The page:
I commenced playing Sundays at Ontario Beach before the theatre closed for the season, and by the time summer had come was well broken in for the work, as I had been playing viola all winter. My associations were pleasant and interesting; the musicians were good players and splendid fellows. My reputation increased as a soloist, by reason of the fact that there were visitors from everywhere who spent the summer at this resort, besides the excursionists from Canada, the steamers bringing many of these from cross Lake Ontario, and I met many old friends who come over from Toronto, and who congratulated me upon the improvement in my cornet playing since leaving their city a few years before.

This engagement lasted until the theatre opened in September, and the regular cornet player not being re-engaged (Hiram Batchelor), I was to take his place, playing cornet instead of viola for the season. This pleased me and put new life into me, for I must have made much improvement during the past winter on the cornet to satisfy the leader, Dave Morgan, who was a "grouch" but still a good fellow.

The first week we opened I had the surprise of my life in the form of an offer to become solo cornetist of the Citizens' Band of Toronto, directed by my old friend Mr. John Bayley, who was appointed director of this new Regimental Band, and supported by the citizens of Toronto. I was to receive a regular yearly salary as a retaining fee, all outside engagements of regimental duties being extra pay, with plenty of time for teaching and for playing other engagements that did not interfere with the band. The reputation gained me by my solos at Ontario Beach had reached Toronto, hence this offer, which I accepted, giving notice to Dave Morgan, my theatre leader, who became quite angry at my leaving him so early in the season. But I promised to remain with him until a suitable substitute could be procured, and this delayed me a week or two. I was fortunate in securing a good man from Boston, Freeman by name, who proved satisfactory to Morgan. Then I said "good-bye" to all the boys, and started once more for Torono, returning there this time as cornet soloist, and under salary. Just think! This was practically the same band I had joined in 1883, starting as the twelfth cornet, working my way up to first cornet, and in four years had improved my playing to the extent that I was engaged for really the best position of its kind in Canada.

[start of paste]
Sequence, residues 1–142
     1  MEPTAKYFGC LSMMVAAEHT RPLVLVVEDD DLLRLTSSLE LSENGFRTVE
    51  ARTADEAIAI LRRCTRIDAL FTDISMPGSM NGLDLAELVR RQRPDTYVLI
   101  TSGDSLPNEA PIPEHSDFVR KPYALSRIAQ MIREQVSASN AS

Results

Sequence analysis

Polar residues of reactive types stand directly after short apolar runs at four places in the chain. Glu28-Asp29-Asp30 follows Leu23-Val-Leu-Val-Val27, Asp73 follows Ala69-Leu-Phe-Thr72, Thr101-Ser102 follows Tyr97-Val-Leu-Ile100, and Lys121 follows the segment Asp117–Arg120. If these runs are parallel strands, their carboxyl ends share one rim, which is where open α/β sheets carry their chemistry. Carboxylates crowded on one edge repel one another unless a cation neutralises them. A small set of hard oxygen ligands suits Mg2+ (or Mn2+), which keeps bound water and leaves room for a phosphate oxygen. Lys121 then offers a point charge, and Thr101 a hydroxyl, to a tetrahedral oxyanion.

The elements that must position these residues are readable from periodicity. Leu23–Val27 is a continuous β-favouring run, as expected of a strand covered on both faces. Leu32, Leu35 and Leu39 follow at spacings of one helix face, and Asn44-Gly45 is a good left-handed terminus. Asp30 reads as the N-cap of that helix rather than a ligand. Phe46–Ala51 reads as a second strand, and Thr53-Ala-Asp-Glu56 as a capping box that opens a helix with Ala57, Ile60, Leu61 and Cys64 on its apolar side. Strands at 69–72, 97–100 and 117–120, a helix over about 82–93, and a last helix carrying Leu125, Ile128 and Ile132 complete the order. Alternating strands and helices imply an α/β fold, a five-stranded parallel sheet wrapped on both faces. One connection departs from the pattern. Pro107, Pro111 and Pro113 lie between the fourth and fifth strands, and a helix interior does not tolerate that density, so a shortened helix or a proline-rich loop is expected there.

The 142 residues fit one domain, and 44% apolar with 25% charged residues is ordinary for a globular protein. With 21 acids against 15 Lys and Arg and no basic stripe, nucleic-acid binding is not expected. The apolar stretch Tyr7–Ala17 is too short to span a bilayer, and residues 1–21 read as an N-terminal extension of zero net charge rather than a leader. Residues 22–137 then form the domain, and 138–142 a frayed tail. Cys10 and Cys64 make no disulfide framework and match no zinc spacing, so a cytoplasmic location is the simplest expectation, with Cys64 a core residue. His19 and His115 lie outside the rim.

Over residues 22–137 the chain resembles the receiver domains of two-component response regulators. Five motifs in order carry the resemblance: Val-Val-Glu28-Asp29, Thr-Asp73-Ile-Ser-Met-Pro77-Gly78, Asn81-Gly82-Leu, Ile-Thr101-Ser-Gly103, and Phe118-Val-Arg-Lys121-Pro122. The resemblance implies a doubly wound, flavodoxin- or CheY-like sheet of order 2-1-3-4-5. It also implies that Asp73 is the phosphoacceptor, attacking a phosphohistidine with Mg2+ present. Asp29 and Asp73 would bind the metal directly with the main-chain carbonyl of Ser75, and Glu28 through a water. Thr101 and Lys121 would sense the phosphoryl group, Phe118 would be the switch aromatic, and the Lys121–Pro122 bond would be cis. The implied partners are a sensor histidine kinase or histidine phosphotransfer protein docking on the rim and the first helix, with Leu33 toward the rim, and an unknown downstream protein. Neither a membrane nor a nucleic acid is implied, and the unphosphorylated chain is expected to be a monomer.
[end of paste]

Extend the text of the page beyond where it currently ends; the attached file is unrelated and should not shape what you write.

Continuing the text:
Nobody ever encouraged me to practice.

Nobody ever pushed me ahead.

Nobody ever taught me how to play.

Nobody ever told me that I played well.

I had to do all things by myself, even in the face of all kinds of opposition. The only encouragement I ever received for my efforts was the fact that, somehow, I seemed to be useful to the different leaders who employed men, and I always held a position until a better engagement turned up.

I am not making these assertions from a conceited standpoint, but simply to prove that every cornet player, or in fact any instrumentalist, has an equal chance to become successful if he perseveres properly, discovering his own mistakes and weaknesses, correcting them immediately, and setting the highest point of excellence as his goal.

In many ways it was a wise move on my part to accept this offer from Toronto, for my father had purchased a large farm of forty acres in Reading, near Boston, Mass., to establish a school for organists, building himself the largest organ at that time in the country, and I would be without a paternal home if I remained in Rochester. Besides, the new position in Toronto placed me in a different environment in the musical field, giving me more prestige and a better chance to improve my musical studies and to demonstrate just how much my "stock in trade" might be worth should I place it upon the market. Also, Toronto was like an old home where I was well known.

The future looked bright and I had increased confidence in myself as a soloist, with opportunities I had often dreamed of.